G463 remained in an area close to the River Eider during July

On 24th July G463 headed further south into Lower Saxony, before moving west into the Netherlands, where he again favoured areas on the Wadden Sea coast, initially at Ijsselmeer (4th-7th August) , a closed off inland bay, and then Lauwersmeer National Park (10th-16th August) on the north coast. He then moved a little further east and, since, 21st August has been frequenting the estuary of the Ems on the German border. It will be fascinating to see if and when the young male returns to England. He will have been encountering other young White-tailed Eagles throughout his travels, but the urge to return to the Isle of Wight is likely to prompt him back across the English Channel at some stage; although that may not be until next year.

G463’s movements in Europe since 15th April

G466, a female, was the last of the 2020 cohort to leave the Isle of Wight in the spring, but quickly made up for lost time. She spent time in the South West and also East Anglia before heading north in mid-April. On 12thApril she flew 228 km (142 miles) from the Suffolk coast to North Lincolnshire and then a further 163 km (101 miles) to County Durham next day. She continued north into Scotland on 14th and at 14:30 that afternoon reached the Firth of Forth, east of Edinburgh. She headed west along the south side of the Firth before flying over the west side of Edinburgh and then into Perth and Kinross. That night G466 roosted in a forested area near Glensherup Reservoir after a day’s flight of 255 km (158 miles). She again headed north on 15th April, flying 200km (124 miles) through the Cairngorms and then across the Black Isle before roosting to the north of Bonar Bridge close to the Dornoch Firth. She then made shorter movements of 32 km on 16th April, and 19 km on 17th April, before arriving at Loch Naver in Sutherland. 

The young female has remained in northern Scotland since, ranging widely in Caithness and Sutherland, but favouring two key areas. Her core area during April, May and June was a 24 km² area centred on Loch Naver, although she also made regular flights into Caithness, venturing as far as Loch Calder to the south of Thurso and Helmsdale on the east coast of Sutherland. On 1st July she moved to the north-west and began favouring Cape Wrath, the most north-westerly point in Scotland, as well as a series of Lochs 10 km (6 miles) inland, including Loch Na Gainmhich. She also began visiting Loch Eriboll from 8th August, extending her core range in the north-west to some 340 km². Like G463 in Europe, G466 will be encountering other White-tailed Eagles during her explorations, but we still expect her to head south at some stage. It will be very interesting to see when she does so.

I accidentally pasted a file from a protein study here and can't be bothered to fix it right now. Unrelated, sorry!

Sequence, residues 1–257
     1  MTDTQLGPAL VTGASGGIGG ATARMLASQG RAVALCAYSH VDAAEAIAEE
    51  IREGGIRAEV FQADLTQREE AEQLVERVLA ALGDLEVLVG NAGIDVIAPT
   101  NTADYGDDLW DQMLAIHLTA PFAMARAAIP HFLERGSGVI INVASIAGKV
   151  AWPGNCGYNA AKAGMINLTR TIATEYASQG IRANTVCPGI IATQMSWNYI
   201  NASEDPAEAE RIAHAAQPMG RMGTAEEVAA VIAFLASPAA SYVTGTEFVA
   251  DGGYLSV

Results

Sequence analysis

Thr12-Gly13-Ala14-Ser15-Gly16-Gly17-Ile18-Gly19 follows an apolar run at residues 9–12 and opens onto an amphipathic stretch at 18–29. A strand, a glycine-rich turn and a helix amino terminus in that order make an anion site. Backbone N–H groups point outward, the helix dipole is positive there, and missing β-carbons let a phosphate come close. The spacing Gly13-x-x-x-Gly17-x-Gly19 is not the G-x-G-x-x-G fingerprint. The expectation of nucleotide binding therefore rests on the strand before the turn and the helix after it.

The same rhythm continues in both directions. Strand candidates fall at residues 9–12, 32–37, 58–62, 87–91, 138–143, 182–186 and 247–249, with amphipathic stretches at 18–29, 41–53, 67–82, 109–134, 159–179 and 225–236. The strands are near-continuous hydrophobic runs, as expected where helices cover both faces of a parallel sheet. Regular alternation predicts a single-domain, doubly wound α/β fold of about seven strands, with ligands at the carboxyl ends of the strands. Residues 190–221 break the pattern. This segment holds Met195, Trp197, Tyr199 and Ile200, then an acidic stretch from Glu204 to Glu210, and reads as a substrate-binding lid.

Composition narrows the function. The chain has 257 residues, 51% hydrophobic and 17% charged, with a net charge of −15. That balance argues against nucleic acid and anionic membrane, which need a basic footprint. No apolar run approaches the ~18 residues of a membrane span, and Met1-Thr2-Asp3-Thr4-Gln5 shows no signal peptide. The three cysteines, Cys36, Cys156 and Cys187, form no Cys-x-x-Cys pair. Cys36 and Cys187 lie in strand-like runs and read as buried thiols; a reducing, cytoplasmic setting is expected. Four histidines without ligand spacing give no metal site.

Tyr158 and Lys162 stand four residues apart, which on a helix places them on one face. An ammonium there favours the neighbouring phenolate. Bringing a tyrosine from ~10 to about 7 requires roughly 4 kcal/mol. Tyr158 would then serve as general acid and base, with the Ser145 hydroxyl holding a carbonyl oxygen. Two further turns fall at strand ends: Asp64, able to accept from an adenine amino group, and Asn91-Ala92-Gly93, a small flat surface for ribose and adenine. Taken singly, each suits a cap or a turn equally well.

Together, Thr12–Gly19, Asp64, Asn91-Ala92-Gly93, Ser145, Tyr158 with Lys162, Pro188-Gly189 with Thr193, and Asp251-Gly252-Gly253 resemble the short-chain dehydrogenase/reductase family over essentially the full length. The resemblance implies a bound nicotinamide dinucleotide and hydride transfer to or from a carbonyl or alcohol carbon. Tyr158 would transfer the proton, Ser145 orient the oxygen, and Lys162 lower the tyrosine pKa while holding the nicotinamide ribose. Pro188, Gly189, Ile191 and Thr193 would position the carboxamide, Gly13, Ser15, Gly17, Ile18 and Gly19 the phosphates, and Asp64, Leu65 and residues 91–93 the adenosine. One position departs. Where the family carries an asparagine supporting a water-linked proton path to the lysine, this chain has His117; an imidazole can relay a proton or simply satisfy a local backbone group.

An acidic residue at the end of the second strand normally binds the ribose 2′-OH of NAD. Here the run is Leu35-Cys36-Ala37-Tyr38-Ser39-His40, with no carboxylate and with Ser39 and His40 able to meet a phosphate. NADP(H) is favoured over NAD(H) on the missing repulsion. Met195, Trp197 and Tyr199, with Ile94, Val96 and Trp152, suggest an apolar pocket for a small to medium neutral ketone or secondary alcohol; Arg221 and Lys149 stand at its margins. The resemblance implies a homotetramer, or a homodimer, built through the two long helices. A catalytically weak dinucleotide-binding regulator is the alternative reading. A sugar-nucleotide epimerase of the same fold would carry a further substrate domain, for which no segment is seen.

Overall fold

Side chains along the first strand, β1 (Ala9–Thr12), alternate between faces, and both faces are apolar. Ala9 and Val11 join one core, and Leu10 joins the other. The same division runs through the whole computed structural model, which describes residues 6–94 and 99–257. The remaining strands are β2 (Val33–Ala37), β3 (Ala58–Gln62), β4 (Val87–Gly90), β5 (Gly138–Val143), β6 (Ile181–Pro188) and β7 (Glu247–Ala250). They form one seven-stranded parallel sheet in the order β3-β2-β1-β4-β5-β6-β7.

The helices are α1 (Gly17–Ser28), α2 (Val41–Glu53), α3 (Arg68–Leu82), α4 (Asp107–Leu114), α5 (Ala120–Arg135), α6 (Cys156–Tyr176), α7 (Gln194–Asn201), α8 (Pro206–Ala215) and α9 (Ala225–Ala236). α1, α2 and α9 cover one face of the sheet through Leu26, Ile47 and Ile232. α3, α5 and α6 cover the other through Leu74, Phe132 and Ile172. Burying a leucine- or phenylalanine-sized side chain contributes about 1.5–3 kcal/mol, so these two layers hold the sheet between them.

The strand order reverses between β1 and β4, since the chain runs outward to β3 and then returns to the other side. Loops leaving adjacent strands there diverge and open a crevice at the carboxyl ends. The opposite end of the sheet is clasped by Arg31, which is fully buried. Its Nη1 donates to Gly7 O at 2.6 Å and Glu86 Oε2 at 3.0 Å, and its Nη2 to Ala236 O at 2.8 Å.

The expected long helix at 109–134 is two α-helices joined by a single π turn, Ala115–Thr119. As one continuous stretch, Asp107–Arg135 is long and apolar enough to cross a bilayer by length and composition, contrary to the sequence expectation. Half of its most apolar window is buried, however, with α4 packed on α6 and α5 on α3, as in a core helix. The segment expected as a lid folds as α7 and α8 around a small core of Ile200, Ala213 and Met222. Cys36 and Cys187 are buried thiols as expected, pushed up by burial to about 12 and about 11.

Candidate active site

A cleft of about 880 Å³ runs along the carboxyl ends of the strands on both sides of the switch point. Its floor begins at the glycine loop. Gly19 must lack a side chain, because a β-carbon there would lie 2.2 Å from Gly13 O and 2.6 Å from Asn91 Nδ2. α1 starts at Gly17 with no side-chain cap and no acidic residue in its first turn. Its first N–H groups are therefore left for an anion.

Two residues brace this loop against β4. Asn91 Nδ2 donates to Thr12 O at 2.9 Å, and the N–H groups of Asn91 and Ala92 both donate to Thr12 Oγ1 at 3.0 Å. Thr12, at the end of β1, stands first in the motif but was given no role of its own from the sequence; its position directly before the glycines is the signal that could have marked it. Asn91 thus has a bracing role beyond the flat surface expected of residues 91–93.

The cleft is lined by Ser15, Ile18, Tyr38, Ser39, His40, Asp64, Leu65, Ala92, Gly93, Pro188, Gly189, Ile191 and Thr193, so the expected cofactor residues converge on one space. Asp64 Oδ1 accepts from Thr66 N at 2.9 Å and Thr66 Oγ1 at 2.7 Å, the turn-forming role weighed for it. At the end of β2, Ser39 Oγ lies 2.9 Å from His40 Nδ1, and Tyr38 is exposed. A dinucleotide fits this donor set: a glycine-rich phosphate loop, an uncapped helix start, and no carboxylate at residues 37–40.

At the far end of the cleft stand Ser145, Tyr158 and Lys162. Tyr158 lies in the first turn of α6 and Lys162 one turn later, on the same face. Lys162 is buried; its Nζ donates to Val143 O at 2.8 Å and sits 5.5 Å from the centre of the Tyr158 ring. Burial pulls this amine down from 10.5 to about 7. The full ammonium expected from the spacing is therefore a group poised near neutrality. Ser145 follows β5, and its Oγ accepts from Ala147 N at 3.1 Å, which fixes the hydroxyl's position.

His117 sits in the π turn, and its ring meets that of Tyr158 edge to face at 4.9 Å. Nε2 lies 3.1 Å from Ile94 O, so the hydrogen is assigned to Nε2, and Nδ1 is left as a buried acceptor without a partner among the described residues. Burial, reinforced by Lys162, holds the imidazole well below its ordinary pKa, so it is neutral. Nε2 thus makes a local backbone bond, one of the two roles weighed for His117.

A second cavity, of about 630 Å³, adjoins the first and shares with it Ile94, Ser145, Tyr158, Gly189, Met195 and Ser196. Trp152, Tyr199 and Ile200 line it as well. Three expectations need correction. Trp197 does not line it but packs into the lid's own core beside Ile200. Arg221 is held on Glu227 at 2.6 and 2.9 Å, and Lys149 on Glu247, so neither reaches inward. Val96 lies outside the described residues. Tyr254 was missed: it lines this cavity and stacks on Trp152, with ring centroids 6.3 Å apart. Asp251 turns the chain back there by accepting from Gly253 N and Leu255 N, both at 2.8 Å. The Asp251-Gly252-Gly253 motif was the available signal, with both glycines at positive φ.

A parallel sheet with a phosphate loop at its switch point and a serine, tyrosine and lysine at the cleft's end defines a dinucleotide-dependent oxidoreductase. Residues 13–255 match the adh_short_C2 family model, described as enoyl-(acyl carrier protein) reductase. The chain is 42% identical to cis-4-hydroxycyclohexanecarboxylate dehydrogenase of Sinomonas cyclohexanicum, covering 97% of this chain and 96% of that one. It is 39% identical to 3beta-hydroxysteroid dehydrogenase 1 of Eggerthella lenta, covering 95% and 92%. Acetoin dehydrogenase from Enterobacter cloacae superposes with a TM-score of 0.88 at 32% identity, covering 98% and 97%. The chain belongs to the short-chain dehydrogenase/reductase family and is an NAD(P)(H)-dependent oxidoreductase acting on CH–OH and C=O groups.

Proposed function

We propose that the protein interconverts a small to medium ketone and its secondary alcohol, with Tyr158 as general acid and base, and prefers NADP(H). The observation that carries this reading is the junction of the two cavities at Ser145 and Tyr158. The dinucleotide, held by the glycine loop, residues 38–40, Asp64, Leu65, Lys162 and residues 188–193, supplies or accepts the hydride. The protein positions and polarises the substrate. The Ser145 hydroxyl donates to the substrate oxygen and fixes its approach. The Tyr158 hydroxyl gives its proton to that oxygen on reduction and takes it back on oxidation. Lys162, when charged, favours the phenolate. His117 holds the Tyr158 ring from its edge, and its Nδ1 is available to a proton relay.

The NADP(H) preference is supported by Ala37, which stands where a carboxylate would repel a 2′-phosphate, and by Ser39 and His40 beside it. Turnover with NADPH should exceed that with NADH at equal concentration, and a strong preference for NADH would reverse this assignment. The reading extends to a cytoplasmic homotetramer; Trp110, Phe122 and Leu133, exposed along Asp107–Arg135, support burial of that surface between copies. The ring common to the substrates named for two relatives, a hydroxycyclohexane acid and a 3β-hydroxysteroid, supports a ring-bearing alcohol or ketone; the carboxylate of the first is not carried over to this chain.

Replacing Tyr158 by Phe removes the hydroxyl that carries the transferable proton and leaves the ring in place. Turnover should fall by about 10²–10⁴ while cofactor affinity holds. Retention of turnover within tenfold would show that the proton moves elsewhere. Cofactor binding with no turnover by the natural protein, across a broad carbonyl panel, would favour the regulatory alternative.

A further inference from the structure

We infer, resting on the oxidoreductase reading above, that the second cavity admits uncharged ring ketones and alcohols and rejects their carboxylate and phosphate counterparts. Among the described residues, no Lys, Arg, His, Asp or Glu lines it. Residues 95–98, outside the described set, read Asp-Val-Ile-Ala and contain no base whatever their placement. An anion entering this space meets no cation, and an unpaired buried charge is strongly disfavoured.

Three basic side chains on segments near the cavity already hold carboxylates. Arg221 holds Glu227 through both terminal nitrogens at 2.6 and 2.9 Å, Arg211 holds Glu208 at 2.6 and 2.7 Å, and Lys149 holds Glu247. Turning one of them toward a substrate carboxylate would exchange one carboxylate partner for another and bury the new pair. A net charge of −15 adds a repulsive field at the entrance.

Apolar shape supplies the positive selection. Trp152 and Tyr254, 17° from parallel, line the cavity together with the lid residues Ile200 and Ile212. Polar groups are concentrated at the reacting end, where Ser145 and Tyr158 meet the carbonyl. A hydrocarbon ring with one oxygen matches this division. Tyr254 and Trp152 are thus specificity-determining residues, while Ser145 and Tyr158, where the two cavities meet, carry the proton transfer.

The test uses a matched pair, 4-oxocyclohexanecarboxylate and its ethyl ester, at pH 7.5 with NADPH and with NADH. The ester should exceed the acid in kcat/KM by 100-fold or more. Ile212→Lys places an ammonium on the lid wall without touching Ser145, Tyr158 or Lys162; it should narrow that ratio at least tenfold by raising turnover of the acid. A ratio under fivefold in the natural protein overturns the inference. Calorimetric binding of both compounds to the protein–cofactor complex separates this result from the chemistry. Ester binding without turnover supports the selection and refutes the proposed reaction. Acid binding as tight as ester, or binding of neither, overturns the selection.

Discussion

G466 has remained in Northern Scotland since flying north in mid-April
G466’s movements in Northern Scotland

After wintering near Bude in Cornwall, G471 headed north-east in early spring and spent time in north-west Norfolk and the Ouse Washes. Then, on 13th and 14th April the young male headed south-west, travelling 310 km (193 miles) to Herefordshire. Like G466, southerly winds encouraged G471 to fly north and on 15th April he flew 276 km (172 miles) north through Shropshire, Cheshire and then Merseyside and the North West to the Yorkshire Dales. He subsequently flew a further 73 km (45 miles) to the northern Pennines on 16th, and then 56 km (35 miles) on 17th, passing Kielder Water en route to a roost site just south of the Scottish border. He continued onto Kelso on 18th and spent much of the day along the River Tweed, before moving to the northern end of the Lammermuir Hills in East Lothian the next day.

On 20th April G471 crossed the Firth of Forth west of North Berwick and then the Firth of Tay into Angus. He then headed west and eventually roosted in woodland near King’s Seat, 13 km north-east of Perth after a day’s flight of 130 km (81 miles). G471 continued north-east into the Grampian Mountains and then the southern part of the Cairngorms National Park on 21st April. He then turned south at 15:00 and roosted on the south side of Loch Tay after flying a further 161 km (100 miles). G471 continued south the next day, travelling 162 km (101 miles) back across the Firth of Forth into East Lothian, before roosting in the south- east of the Lammermuir Hills. He then crossed back into England on 23rd, before settling in the Cheviot Hills, having flown another 107 km (66 miles) south.